Federal Guidelines for Workplace Safety Drills

Safety in the workplace starts with preparation. Your employees need to know what to do if a fire, chemical spill, natural disaster, civil disturbance or other emergency occurs. Federal guidelines from the Occupational Safety and Health Administration (OSHA) tell you which workplace safety drills to perform as you prepare everyone in your company for emergencies.

Create an Emergency Plan

OSHA guidelines require many companies to create an emergency plan. It's also a good idea for companies that are exempt because it keeps employees safe and can prevent confusion and property damage. The plan includes escape routes and assigns employees to manage escape routes. It also includes procedures for shutting down equipment, counting employees after an emergency, providing medical care and reporting emergencies to the appropriate authorities.

Assign a Safety Coordinator

Someone in your company should serve as the safety coordinator. This person answers questions about the emergency plan, organizes required safety paperwork and overseas the drills.

Sounds the Alarms

Choose emergency alarms with a distinctive sound so that all your employees can recognize them. Hang them in locations throughout your building so that all employees can hear them. Hook up an auxiliary power source, too, to ensure the alarms sound even if the power goes out. When you perform safety drills, use the alarm to signal the drill's start.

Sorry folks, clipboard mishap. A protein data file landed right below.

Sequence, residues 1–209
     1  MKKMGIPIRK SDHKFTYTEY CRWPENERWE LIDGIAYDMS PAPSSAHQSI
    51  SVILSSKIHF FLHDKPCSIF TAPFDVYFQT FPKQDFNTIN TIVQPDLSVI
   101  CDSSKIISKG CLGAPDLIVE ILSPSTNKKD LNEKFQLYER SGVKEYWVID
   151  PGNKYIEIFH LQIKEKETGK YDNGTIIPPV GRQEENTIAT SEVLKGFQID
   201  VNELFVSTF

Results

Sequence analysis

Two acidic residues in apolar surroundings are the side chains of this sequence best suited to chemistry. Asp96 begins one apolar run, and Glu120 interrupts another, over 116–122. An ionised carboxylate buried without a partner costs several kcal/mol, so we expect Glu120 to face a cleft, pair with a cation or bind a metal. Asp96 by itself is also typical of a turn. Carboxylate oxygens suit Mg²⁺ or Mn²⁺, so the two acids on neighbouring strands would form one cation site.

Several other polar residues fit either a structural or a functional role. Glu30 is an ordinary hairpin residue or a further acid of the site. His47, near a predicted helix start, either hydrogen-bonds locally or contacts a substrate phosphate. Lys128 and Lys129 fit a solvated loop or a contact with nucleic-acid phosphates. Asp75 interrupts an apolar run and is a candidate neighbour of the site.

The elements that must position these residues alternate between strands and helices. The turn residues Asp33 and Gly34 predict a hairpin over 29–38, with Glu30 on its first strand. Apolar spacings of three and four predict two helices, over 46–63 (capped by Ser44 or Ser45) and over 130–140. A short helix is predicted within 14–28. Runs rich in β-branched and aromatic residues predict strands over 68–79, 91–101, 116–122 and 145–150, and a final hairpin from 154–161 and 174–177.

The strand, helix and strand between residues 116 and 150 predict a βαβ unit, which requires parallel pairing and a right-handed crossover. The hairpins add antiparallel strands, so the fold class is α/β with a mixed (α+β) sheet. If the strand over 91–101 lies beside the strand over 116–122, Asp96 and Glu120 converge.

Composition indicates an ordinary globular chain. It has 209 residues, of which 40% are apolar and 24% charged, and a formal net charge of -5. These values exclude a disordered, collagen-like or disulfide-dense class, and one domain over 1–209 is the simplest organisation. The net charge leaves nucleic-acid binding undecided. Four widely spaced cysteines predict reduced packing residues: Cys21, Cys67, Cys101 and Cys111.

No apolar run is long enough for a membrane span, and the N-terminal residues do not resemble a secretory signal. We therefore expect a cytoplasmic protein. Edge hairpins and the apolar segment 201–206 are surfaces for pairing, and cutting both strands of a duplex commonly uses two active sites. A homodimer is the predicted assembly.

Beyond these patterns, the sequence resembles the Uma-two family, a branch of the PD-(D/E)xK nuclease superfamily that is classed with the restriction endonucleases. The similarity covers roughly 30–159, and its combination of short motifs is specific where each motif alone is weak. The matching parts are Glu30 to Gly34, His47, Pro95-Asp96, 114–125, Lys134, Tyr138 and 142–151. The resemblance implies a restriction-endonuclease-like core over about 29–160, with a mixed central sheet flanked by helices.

Mark the Evacuation Routes

Evacuation routes allow employees to exit the building when an emergency arises. Based on your building's layout, choose several routes that allow quick and easy access to the outside. Emergency routes must also be wide enough for your employees to exit the building safely and kept clear and free from debris and clutter at all times. Post drawings of the routes in prominent locations around the building, and clearly mark the routes with bright, fluorescent paint or stickers.

Perform Regular Safety Drills

Creating a safety plan isn't enough if your employees don't know how to handle an emergency. At least twice a month, perform safety drills. The local fire and police departments should be present to share any tips on how you can improve the drills. Afterwards, meet to discuss improvements.

Also, if you change the emergency plan in any way, schedule a meeting. Ensure everyone knows and understands the new plan.

Safety comes first in any work environment. Begin today to prepare safety precautions and drills for all departments of your company. Then follow federal guidelines and practice until your employees evacuate the building properly and know exactly what to do. Your preparations could save lives, so don't skimp on any of the details.
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